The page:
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Do You Feel Your Gifts Project Your Self Worth?

March 26, 2010 Aimee White

Gift Giving and Keeping Score

Yesterday, I went to work and we had a baby shower for a co-worker. The food was excellent, the decorations beautiful, and a table was full of gifts. No matter if it's a baby shower, a bridal shower, Christmas, or a birthday party, I can't help but feel that your gift gets entered into a silent competition in the minds of everyone watching. It's as if each gift goes through a rating system. A score is given for the level of creativity, thoughtfulness, expense, quantity, and quality for the gift itself as well as how it is wrapped. And somehow the overall score given to your gift correlates to how much you love that person, or even worse, how you rate as a person on a scale of worth.

1165450862_c1ee93934b_oI have had a really hard time finding anything online to support my theory. Am I the only one that feels this way?

Gift Receivers Are Under Pressure Too

I have also heard people discuss the etiquette of the receiver of the gifts. Sometimes people feel that the recipient must "ooh" and "ahh" and "thank you" over and over again over each gift otherwise they appear ungrateful or spoiled or greedy. I couldn't stop worrying about this at my own baby shower. I tried my best to show gratitude, even going so far as to hug every person after opening their gift in hopes of being genuine.

And does anyone else struggle with thank you notes? I never got any thank you notes out after my daughter's first birthday and it still haunts me to this day.

I found some ideas of hosting "no gift" parties where you want "Presence, Not Presents" or where people ask you to donate to a charity instead. The idea is to show that people are important and not the materialistic things you could bring.

One family explained their decision to host a no gift birthday party as follows,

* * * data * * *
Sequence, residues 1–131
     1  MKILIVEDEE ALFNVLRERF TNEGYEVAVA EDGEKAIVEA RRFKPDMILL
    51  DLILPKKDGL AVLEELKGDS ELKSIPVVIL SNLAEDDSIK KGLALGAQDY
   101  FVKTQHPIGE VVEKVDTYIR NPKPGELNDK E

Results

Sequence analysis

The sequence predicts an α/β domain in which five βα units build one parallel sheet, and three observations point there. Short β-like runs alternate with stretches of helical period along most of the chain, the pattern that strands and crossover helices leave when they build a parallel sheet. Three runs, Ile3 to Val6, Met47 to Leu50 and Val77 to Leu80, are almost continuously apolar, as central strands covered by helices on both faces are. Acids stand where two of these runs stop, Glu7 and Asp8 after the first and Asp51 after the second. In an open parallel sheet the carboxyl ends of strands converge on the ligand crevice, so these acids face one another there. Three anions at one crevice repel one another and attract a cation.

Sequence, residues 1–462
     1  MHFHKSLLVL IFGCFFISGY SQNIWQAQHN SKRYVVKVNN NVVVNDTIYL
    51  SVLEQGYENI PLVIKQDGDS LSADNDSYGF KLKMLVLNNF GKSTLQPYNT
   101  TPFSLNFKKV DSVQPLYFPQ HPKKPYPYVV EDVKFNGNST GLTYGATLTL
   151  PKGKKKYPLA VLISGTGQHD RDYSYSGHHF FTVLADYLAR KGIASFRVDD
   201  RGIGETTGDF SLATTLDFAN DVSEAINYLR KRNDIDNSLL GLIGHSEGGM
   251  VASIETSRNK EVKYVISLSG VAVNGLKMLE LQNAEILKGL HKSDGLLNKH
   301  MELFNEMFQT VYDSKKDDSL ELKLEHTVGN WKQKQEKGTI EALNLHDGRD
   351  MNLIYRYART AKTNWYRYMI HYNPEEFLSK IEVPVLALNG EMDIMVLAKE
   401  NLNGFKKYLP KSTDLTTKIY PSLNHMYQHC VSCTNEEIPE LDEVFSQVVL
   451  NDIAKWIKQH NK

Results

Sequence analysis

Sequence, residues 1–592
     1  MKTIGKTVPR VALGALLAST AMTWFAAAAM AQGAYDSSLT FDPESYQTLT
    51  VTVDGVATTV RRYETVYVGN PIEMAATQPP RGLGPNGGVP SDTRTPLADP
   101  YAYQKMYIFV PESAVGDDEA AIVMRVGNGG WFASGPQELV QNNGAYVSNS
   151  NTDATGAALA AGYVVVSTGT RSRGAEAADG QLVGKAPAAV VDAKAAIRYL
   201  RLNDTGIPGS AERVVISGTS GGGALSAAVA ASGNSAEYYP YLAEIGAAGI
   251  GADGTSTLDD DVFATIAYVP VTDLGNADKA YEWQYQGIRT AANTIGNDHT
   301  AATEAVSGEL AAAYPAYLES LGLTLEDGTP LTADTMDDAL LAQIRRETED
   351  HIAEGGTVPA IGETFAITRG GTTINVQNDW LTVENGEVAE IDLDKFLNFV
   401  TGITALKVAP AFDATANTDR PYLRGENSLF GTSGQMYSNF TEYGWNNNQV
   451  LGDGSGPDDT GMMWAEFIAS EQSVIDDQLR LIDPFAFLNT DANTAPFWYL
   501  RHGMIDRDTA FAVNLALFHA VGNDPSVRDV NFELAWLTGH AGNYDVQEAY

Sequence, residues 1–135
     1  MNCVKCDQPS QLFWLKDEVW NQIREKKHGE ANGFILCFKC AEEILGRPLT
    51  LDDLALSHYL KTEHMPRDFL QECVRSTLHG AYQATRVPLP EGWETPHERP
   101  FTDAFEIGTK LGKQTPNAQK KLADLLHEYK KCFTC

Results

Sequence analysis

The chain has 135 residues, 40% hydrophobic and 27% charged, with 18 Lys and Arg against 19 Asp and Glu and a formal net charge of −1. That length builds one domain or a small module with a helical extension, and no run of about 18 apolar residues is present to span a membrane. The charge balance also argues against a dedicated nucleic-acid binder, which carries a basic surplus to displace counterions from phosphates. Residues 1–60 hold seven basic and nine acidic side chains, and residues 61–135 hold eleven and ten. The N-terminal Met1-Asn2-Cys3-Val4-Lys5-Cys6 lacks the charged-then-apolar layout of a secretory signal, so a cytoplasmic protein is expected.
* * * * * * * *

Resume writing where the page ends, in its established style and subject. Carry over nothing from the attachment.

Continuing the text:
"Before Ranger was born we attended a few kid parties where gift opening was part of the entertainment. The birthday kid unwraps an endless pile of gifts while the other kids fidget, envy, or fight over the new toys. The birthday kid is expected to respond appropriately with excitement and gratitude for each gift before it is snatched away and replaced with another package. Depending upon the party's adult leadership, the gifts are then put in protective custody (which tantalizes and torments other kids) or they are handed out for general use while the birthday kid keeps unwrapping (which tantalizes and torments the honoree). Too many gifts arrive at one time, so a wonderful gift may get little notice. A lot of gifts may be last minute purchases and not particularly well suited for the recipient. The unwrapping provides lots of opportunity for awkward, uncomfortable moments."

I like the idea, but in our culture that is an exception and not the norm. Most likely we cannot escape this situation. What are your thoughts on gift giving?

APA Reference
White, A. (2010, March 26). Do You Feel Your Gifts Project Your Self Worth?, HealthyPlace. Retrieved on 2020, October 24 from https://www.healthyplace.com/blogs/anxiety-panic/2010/03/do-you-feel-your-gifts-project-your-self-worth



Author: Aimee White

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